Peloton Watch
  Annette Edmondson excited to see women's Madison added to Olympic programme  
  June 10th 2017  
  Annette Edmondson and Amy Cure celebrate winning the 2017 Oceania Madison title. Photo: Con Chronis  
  Few women have won as many Madison's as Australia's Annette Edmondson, with the 25-year-old a multiple Australian Champion, reigning Oceania Champion and winner of the prestigious Bendigo Madison.

The dual world champion is understandably delighted with the announcement by the International Olympic Committee of the addition of the Madison to the track programme for the 2020 Tokyo Olympic Games.

An early adopter of the event, Edmondson raced her first Madison 10 years ago at a track carnival in Victoria, with Monique Hanley who was instrumental in the development of the event in Australia and globally.

"I have always been in to the women's Madison since it became a possibility to become a national event," Edmondson said.

"I have been a mad campaigner to try and get that going with the help of Monique Hanley who was my first ever Madison partner out at the Maryborough Track Carnival and Laurie Norris, he was a big instigator as well.

"To see it now be introduced at World Championships and now today announced as an Olympic event is really exciting and I know if we hadn't pushed so hard in Australia to get that movement going, and also some of the European nations who really pushed the women's Madison we wouldn't be involved and it would just be a male event."

Edmondson won the first ever Oceania title with Amy Cure in December 2016 before deciding to take a break from the track this season to focus on the road. While not on the boards in Hong Kong she was keeping an eye on her competition on TV.

"It was a good Madison this year at Worlds and obviously as a fresh event there is some work to be done," she explained of her thoughts on the race and the current level of the field.

"It is not quite at the level of the men's but it is hard to get to that level without the experience and the practise in the event.

"We are starting to get the events now and now it is a World Championship event we are starting to see it more often and due to the lack of experience there are a few dominant teams, mainly four or five that play out the sprints rather than take laps like the men."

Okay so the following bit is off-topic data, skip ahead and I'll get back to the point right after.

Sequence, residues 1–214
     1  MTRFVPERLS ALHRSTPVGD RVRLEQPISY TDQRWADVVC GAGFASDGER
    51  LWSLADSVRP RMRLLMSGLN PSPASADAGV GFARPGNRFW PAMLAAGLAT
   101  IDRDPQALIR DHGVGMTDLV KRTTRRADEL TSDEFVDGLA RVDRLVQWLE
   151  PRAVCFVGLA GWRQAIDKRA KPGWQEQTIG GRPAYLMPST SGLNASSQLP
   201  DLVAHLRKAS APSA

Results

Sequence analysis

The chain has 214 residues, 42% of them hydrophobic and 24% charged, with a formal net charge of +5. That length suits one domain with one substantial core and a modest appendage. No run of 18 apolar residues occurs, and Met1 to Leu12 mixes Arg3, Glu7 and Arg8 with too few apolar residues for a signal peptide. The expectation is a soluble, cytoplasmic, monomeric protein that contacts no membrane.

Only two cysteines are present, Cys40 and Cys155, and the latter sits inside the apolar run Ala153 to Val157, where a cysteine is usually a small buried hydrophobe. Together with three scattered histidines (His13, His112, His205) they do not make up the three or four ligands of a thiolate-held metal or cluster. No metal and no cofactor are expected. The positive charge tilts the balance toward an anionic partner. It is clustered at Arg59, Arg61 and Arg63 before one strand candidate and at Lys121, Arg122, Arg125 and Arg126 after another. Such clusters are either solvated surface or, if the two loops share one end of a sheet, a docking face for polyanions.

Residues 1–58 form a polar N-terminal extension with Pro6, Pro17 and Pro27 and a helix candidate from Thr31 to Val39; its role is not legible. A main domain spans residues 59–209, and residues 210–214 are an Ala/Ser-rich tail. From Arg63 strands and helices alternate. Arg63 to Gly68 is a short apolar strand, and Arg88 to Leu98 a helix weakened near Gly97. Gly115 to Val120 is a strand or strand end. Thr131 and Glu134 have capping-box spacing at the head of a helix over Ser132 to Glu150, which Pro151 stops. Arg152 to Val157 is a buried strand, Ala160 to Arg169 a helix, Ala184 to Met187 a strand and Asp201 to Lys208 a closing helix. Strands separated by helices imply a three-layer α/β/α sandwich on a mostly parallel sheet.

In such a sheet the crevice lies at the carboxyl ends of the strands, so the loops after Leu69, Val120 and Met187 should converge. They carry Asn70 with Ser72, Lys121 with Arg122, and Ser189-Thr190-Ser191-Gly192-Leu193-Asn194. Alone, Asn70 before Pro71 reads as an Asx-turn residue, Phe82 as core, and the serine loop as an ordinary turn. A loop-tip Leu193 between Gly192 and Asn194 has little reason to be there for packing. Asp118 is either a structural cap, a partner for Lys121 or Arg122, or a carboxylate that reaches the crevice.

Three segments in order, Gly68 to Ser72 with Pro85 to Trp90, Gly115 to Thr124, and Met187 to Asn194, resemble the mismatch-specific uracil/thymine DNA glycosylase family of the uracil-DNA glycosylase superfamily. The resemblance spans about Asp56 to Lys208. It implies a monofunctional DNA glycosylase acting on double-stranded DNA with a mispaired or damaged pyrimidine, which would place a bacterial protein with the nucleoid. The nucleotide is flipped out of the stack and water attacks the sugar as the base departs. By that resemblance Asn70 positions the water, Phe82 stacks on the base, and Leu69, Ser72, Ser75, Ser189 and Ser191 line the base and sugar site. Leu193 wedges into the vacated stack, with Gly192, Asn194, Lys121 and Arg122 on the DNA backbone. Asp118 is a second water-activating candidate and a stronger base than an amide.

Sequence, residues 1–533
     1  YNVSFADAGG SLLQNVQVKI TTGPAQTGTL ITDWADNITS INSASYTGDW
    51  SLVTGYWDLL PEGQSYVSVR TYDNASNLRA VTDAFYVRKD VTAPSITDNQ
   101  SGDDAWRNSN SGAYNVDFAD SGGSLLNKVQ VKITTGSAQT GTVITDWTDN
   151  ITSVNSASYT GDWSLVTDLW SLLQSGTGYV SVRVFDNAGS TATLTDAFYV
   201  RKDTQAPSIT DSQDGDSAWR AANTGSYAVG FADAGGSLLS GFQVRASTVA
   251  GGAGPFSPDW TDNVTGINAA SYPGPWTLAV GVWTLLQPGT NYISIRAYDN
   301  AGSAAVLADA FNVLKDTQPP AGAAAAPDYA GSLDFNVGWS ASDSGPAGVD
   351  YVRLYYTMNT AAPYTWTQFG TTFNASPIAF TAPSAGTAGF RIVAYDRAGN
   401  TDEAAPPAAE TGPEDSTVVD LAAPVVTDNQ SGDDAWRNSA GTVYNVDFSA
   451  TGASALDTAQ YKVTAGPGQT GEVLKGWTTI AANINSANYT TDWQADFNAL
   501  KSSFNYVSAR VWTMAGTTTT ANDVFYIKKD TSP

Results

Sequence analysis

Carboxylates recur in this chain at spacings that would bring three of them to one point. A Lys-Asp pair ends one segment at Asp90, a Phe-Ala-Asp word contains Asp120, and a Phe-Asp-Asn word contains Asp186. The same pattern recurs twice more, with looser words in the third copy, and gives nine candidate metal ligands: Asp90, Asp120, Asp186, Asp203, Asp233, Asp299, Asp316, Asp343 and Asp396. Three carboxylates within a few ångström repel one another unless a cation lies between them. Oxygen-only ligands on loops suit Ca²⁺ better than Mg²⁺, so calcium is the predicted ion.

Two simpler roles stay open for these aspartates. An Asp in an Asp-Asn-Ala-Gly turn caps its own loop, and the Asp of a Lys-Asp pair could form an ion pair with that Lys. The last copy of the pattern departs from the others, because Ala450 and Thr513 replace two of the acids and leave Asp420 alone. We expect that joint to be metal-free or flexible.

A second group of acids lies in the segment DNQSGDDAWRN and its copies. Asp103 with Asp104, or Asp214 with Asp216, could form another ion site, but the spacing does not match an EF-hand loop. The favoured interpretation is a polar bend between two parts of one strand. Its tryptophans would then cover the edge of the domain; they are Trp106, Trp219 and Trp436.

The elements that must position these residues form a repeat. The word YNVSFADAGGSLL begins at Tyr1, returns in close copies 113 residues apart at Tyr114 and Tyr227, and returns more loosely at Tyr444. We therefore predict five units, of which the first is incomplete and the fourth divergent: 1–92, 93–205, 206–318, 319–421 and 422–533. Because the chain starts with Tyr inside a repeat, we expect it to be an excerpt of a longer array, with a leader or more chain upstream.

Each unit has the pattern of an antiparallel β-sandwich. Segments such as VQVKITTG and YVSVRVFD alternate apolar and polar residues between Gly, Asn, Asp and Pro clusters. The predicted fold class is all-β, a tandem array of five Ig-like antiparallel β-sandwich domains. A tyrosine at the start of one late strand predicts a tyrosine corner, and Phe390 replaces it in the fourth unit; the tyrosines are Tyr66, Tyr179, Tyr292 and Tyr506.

While Belgium, Australia, Great Britain and New Zealand may have dominated the event this season Edmondson believes over the next few years the event will become highly competitive.

"I'm sure it is going to get more and more competitive over the next few years especially leading in to the Olympics."

With nations naturally spending their resources on Olympic events Edmondson believes the inclusion in the Olympic programme will lead to an increased focus.

"It has never been an opportunity for women to race that at the Olympic Games so I'm sure now that is a target people are going to focus on it and the level will increase rapidly.

"It is a huge step for the Madison to be involved in the Olympics for women. I didn't really expect it," Edmondson said still surprised about the news.

"It was always an idea or a possibility which was talked about briefly as a bit more of a fun idea but I think now we have two and a half years to really start to nail it.

"Because there are only three track endurance events at the Olympic Games of course teams are really going to start focusing on it.

"It is an amazing opportunity and I don't think it is going to be taken lightly."

The addition of a third endurance event on the programme and one that allows two riders to compete will allow up to three riders a chance for a second race. Up from just one rider from the five-rider team selected for the team pursuit at the last two Games.

"It certainly does open up the door for three riders.

"It is a big schedule with the team pursuit over two days, and now the omnium is only one the Madison is still a solid event it is nice to give more opportunity it will be interesting to see how it all plays out," Edmondson added cautious of the scheduling.

While happy with the addition of the Madison, Edmondson would have loved to see another event back on the programme.

"It is a shame they haven't included the individual pursuit," Edmondson a former Australian and Oceania Champion and world championship medallist in the IP was quick to add.

"If you could choose one event for track endurance cycling to be at the Olympics I would have said the individual pursuit.

"It is just pure raw talent there is no variables, no bunches, it is hard to crash and it is not in a team it is just individual so I think that would be a really good one to get back in there."
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